"Before you are old and wise you have to be young and stupid." This clever T-shirt aphorism caught my attention recently because it says directly what we all know to be true. However, viewed a little differently, it seems possible to be wise and stupid at the same time. Stupid is another name for ignorant, which we all are to different degrees. Being wise includes knowing what you don't know, seeking knowledge and learning quickly from mistakes.
It makes sense that in the beginning we hope to be both stupid and wise so that we won't eventually end up being old, stupid and foolish. In reliability, foolishness is turning a blind eye to the richness of knowledge and the teachings of our experiences. It's much like a self-inflicted sentence that condemns us to repeat the blunders of the past.
Switching Failure from a Liability to an Asset
The definition of an asset is something that delivers future value (such as a machine that produces your widgets year after year). Conversely, a liability is something that can consume your assets in the future (such as negligent or faulty reliability practices). Like an endless string of mortgage payments, the long-term cost of such liabilities can be enormous as they chisel away at a company's assets and profits.
Knowledge is often referred to as intellectual capital. It is an asset that is usually acquired at some expense (college tuition, for example). Like a wise old teacher, machine failure is a bountiful source of knowledge. It comes at an expense (downtime and repair bills), but when we learn from it, then it offers the opportunity to produce sizable returns. This is why it is often said that intrinsic machine reliability is 99 percent failure. Phrased another way, we need failure in order to attain and deploy the knowledge that insures reliability and greater future profitability.
Failure as a Teacher
Maintenance organizations that do little more than continuous parts-changing work orders are making those failure mortgage payments caused by ignorance, waste and neglect. This is something like reliability by brute force (repair-driven maintenance). The underpinnings of failure remain in place, which insures chronic reoccurrences. They keep spending money buying what they already own (parts that need replacements). Such expenses do not build future value but instead squander valuable resources.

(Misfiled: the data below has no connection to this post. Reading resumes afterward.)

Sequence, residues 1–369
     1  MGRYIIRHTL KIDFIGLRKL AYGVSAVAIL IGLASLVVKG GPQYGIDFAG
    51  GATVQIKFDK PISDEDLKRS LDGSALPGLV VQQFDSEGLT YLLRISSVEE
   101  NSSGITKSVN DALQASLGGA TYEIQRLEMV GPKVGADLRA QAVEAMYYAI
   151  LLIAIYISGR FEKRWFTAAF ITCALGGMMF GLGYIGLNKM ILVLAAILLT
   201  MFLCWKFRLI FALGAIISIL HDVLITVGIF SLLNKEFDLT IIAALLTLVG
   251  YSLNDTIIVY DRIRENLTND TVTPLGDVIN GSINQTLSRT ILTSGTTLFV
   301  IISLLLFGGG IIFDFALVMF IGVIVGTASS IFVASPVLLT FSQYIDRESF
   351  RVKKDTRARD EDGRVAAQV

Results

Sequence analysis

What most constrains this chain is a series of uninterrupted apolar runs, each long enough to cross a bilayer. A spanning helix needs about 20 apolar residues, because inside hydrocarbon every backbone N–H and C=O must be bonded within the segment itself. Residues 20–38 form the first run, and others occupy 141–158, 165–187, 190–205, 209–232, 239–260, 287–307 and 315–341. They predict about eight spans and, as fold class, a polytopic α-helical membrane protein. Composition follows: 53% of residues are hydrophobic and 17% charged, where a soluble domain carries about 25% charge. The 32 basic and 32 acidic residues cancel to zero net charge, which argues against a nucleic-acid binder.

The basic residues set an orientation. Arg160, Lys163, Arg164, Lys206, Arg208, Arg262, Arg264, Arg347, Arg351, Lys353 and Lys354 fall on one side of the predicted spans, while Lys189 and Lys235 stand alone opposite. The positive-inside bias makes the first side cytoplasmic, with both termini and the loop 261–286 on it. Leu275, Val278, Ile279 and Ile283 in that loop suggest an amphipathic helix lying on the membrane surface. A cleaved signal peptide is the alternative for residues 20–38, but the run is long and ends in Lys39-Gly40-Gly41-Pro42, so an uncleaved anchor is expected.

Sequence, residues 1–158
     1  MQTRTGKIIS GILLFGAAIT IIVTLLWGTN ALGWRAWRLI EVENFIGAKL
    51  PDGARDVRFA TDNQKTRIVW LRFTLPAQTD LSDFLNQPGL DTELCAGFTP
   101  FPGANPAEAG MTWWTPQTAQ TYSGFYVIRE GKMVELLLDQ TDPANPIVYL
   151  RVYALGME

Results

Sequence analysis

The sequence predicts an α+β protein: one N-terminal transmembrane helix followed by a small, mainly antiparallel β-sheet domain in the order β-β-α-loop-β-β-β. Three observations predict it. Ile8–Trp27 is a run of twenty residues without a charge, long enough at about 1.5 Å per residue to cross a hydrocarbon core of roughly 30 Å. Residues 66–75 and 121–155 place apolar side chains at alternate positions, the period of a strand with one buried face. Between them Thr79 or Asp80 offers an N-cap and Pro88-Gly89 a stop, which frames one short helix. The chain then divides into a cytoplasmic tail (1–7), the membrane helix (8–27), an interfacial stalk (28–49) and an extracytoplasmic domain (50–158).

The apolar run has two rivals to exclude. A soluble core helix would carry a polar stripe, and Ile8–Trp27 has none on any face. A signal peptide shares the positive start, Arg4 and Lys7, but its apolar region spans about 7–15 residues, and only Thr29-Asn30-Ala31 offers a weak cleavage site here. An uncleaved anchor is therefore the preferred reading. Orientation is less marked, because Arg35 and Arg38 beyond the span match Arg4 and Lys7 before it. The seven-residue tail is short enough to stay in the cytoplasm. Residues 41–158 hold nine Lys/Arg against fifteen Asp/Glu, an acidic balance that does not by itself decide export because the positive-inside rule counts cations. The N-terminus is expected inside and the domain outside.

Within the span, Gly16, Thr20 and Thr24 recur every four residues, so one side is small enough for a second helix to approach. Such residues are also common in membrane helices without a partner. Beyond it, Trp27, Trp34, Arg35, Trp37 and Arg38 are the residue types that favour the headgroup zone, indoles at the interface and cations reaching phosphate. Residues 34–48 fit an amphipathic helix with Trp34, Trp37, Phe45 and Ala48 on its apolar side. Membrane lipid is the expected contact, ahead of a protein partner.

Now, most of what I've said so far must seem trivial to you. I can understand. However, before you dismiss my theme and turn the page, take a few minutes to assess what you are learning from failure. For instance, do any of the following statements relate to you or your organization? Be honest:
What are your rebuild shops teaching you about the causes of failed electric motors, cylinders, gearboxes, pumps, etc. Do you get inspection reports from these rebuild shops on what they find when they open up your failed machines? Do they give you guidance on prevention? If so, how is this new knowledge (feedback) used to improve your maintenance practices today?
Do you procrastinate when it comes to performing needed breakdown autopsies? Once operation is restored to your process or machine, do you fail to get around to investigating the cause of the failure? Does it often take three or even four similar failures before action is taken to seek the cause?
Are you too quick to assign blame to vendors, OEMs and service providers after failure of a critical machine? Do you assume that all failures are due to defective parts or workmanship by others? Do you believe that your maintenance practices are above reproach?
Do you shrug off the importance of tapping into outside expertise for performing failure investigations and root cause analysis (RCAs)? Do you give complex failure investigations to unqualified in-house personnel?
Does your organization have no assigned responsibilities for FRACAS activities (Failure Reporting, Analysis and Corrective Action System). How about RCAs?
One of the problems with failure investigations is that the people assigned with the task are often the same people who are directly or indirectly a target for blame. Asking a maintenance organization to find fault in itself is inherently flawed as a strategy. For instance, even if you discovered that your top mechanic bungled a repair job, it is likely that his or her faulty work still may not be the true root cause of failure. You may have to look deeper at such things as cheap parts, training and maintenance culture.
It stands to reason that we shouldn't view failure investigations as a way to finger a guilty party. Instead, become a passionate learning organization and turn the knowledge gained from failures into rich assets. And finally, accept the reality that wisdom begins with stupidity. Investigate and learn from your mistakes.